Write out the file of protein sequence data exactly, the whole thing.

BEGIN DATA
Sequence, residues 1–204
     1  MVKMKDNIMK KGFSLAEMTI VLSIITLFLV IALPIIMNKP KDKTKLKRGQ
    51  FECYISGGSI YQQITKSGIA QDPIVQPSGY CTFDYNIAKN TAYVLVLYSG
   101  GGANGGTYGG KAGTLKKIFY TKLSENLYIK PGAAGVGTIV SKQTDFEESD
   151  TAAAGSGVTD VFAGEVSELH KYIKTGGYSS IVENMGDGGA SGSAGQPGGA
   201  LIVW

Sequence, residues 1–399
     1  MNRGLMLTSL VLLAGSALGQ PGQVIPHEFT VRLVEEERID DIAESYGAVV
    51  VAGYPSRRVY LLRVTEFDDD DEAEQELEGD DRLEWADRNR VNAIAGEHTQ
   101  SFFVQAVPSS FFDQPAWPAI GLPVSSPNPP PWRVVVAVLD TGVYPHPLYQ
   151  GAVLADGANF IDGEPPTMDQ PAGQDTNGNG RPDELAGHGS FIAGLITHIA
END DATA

Sequence, residues 1–204
     1  MVKMKDNIMK KGFSLAEMTI VLSIITLFLV IALPIIMNKP KDKTKLKRGQ
    51  FECYISGGSI YQQITKSGIA QDPIVQPSGY CTFDYNIAKN TAYVLVLYSG
   101  GGANGGTYGG KAGTLKKIFY TKLSENLYIK PGAAGVGTIV SKQTDFEESD
   151  TAAAGSGVTD VFAGEVSELH KYIKTGGYSS IVENMGDGGA SGSAGQPGGA
   201  LIVW

Sequence, residues 1–399
     1  MNRGLMLTSL VLLAGSALGQ PGQVIPHEFT VRLVEEERID DIAESYGAVV
    51  VAGYPSRRVY LLRVTEFDDD DEAEQELEGD DRLEWADRNR VNAIAGEHTQ
   101  SFFVQAVPSS FFDQPAWPAI GLPVSSPNPP PWRVVVAVLD TGVYPHPLYQ
   151  GAVLADGANF IDGEPPTMDQ PAGQDTNGNG RPDELAGHGS FIAGLITHIA